I write it in hopes that it'll be helpful in some way.
And, I give credit for my own marriage being as magical as it is to the Lord above. Being apart wasn't easy, but he gave us the solid marriage we prayed for, and he showed us where some things needed to change in order to have a stronger marriage.

Much love friends. Hug your spouse today. Tell 'em you appreciate 'em. Do something special, just because {and it doesn't have to cost money!}.


*Also, check out this post over at Lindsey's - she interviewed her grandparents about marriage. :)

6 comments:

Amin said...

Thank You, Beth. I really needed to read this. Especially #8, but all of it. I'm just trying not to cry again today because I spent an hour putting on make-up trying to make myself feel better.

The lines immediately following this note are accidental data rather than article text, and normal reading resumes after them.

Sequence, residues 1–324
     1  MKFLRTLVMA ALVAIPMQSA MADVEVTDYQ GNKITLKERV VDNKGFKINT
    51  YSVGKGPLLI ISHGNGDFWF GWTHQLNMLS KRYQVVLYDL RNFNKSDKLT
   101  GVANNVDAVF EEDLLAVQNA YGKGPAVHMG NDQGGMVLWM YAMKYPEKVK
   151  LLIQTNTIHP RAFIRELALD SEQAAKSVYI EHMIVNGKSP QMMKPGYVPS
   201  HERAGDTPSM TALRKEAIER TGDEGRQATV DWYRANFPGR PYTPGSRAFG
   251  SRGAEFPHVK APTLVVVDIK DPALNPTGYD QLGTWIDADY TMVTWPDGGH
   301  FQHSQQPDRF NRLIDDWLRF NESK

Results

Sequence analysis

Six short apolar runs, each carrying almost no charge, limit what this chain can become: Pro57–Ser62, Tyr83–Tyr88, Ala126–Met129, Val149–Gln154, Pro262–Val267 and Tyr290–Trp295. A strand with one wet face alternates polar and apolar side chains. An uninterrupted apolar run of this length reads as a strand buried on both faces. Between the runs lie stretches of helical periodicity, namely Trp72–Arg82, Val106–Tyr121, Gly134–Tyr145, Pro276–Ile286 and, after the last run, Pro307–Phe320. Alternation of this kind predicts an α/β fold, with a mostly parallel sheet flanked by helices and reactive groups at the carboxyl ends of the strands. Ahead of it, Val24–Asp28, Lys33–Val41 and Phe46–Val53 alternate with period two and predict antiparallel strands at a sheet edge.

Love you, and bless your magical marriage.

Shawna

Meredith said...

This is good. basically the 'high points' we discussed with our pastor last weekend.

SMD @ lifeaccordingtosteph said...

What an exceptional post. I love it.

put a bow on it [kaitlyn] said...

Love this. Sending it to my husband now.

Joy Sugg said...

I so agree. God has brought us so far and so close through many different trials so that are greatest hope is in him. I now love to serve my husband. I mean, who ever thought I would leave Roxboro and do so willingly.

The Pink Growl said...

Love these! Great marriage advice!